I did not go into the ministry thinking about any of this. I felt a call to do this kind of work and not something else, not an audible voice but a sense of guiding in this direction. I did not give much thought to the question of how a church functioned economically---when the offering plate came by it never crossed my mind.

In high school and college I worked in a grocery store—I unloaded trucks, I put up stock, and I cleaned the meat market. In a simple way money was always a part of my spiritual life. After I had become a Christian I tithed my part-time salary, as a teenager. If I made seventy dollars in a week, I gave seven; if I made fifty dollars a week, I gave five. I lost touch with this habit as a young adult, and in the early years of our marriage we did not tithe. It would, however, become a part of our journey of becoming a disciple through stewardship. Over time we began to give five percent of our income, and then it became seven, and now it is ten percent, and that is after taxes. Maybe a part of our journey down the road is ten percent before taxes, but my rationale is that I don’t receive that money anyway. Someday I will receive a portion of it back, maybe, but then I will pay taxes on it, and tithe it then.

I am blessed that my wife Pam is very much in this with me, and so this has not been a struggle in our marriage. The money we give to the church does many good things, and I see them every day. It is a blessing. I will also confess that, in our marriage, Pam is a much more compassionate person that I am. She has taught me in this area; it could be that we grew up in different environments. It has been a journey of becoming a disciple through stewardship.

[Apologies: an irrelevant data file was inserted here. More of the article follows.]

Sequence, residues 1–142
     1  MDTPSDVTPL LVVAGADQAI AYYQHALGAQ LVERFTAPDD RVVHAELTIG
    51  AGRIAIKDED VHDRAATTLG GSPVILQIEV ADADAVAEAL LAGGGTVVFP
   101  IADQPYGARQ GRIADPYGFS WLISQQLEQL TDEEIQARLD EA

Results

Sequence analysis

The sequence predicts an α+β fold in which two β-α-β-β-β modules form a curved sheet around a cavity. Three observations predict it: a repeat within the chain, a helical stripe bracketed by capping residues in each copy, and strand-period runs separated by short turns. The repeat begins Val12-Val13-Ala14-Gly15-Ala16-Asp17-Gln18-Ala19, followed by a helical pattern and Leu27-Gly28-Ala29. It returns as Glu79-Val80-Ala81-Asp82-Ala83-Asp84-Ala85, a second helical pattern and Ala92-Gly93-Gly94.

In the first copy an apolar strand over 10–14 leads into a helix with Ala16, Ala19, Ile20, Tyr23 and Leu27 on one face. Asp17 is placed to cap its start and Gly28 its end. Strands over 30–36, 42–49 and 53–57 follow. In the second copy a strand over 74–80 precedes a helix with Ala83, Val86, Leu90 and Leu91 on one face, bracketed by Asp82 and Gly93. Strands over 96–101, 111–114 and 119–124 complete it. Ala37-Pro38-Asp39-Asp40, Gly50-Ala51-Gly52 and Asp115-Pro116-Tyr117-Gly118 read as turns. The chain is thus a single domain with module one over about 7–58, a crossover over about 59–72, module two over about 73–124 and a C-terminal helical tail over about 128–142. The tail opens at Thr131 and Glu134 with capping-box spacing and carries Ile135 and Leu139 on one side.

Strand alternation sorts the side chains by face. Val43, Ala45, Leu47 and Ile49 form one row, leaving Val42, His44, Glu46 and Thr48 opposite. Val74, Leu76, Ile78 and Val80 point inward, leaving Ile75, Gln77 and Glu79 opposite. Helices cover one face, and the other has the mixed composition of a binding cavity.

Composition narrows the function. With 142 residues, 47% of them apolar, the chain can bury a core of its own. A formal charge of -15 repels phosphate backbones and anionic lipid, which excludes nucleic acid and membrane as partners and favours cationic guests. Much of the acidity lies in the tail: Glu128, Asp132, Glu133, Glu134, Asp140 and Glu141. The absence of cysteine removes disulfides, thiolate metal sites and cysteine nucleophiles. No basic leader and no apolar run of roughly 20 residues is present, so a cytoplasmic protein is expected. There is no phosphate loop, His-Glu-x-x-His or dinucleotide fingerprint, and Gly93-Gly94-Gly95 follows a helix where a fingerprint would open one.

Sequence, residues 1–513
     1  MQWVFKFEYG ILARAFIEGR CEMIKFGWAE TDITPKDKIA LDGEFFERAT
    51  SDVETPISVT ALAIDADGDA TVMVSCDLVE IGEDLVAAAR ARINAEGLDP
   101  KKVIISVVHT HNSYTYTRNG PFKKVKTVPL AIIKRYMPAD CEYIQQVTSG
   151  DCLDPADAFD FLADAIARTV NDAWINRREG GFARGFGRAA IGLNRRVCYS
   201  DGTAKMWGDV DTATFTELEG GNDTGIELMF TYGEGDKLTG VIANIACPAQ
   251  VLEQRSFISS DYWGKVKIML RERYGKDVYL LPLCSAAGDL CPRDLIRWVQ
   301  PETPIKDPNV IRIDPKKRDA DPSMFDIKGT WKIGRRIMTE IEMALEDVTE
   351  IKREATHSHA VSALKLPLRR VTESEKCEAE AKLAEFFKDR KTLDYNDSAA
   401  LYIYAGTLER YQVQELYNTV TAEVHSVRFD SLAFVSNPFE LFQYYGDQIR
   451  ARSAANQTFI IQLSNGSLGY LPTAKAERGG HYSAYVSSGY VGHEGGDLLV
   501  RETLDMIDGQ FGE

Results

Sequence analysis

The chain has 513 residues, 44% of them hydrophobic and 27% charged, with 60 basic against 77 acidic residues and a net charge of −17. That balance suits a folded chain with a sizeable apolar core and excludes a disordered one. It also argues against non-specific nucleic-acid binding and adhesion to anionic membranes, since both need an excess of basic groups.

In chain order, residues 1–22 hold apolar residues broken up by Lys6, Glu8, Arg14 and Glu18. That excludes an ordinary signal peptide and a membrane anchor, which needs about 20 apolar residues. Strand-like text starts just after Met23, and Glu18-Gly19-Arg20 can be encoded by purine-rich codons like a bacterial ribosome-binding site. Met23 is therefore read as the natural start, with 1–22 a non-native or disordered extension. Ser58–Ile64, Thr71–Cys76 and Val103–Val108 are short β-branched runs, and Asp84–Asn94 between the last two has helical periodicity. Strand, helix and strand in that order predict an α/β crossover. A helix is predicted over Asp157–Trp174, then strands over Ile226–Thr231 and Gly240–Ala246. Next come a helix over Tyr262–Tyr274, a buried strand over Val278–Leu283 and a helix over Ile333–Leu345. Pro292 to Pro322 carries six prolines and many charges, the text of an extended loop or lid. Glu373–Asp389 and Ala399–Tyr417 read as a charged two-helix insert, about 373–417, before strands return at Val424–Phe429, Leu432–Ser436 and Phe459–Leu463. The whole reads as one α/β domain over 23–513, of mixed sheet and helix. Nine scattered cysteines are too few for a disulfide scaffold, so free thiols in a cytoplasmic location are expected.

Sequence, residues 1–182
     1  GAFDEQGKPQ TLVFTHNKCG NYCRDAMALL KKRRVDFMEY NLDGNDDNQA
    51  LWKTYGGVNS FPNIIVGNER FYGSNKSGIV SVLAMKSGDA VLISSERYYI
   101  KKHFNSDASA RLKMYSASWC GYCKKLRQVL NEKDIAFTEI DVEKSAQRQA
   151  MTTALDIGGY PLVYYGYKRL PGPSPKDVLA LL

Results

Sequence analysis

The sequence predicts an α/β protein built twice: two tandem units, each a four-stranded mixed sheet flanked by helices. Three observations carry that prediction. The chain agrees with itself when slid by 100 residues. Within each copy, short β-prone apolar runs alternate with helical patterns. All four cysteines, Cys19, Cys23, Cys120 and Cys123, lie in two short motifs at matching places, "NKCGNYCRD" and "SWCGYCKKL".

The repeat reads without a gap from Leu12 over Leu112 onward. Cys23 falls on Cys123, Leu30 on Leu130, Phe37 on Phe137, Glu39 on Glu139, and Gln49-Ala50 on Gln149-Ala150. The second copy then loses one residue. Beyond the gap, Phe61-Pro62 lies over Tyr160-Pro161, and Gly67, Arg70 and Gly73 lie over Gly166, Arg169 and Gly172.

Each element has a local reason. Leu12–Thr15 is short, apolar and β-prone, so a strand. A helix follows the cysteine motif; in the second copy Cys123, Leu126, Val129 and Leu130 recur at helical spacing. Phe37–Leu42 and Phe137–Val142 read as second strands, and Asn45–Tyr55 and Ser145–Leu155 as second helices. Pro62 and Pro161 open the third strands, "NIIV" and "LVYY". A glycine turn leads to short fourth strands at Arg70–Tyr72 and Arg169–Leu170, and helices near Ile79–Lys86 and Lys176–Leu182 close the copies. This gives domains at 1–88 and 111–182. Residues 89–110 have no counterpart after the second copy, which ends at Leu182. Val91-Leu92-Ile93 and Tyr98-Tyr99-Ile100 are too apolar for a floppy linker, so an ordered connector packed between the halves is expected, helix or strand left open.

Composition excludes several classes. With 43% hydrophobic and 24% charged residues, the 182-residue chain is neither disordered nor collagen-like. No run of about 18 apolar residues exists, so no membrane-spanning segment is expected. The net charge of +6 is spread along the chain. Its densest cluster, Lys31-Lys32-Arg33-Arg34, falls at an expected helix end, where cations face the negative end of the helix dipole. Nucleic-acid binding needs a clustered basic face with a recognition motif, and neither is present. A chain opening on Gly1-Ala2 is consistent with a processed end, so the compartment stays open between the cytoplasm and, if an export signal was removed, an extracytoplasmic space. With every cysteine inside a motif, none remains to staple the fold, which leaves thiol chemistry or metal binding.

I share some of the specifics of my story this morning not because I am so important---I am not…and not because I unique---I am not. I share the specifics because the gospel is never a generalization, an abstraction. It is always about real people and real places, it is about the encounter with Jesus in the places where we really live. In the gospel we find ourselves transported from Charlotte, a real place, to Jericho, also a real place. I have actually been to Jericho. It is one of the lowest places in the world. It is a valley. Valleys are places of flood and overwhelming, but they are also contexts for growth and fertility…I remember the farmland in Yadkin County and the corn that grew down near the river bottom.

Well, they come to the Jericho, Jesus, the disciples and the crowds. Someone has called it a traveling seminar, Jesus taking on most every question and subject: marriage and divorce, wealth and possessions, leadership and influence. Shorthand: sex, money, power. It is no wonder that he drew a crowd! On the way they encounter a blind beggar. Although he is unable to see, his other senses are perhaps heightened, and he hears something: an authentic voice, a word that he needs to hear. “Faith comes by hearing” , Paul wrote to the Romans. He calls out, “Jesus, son of David, have mercy on me”.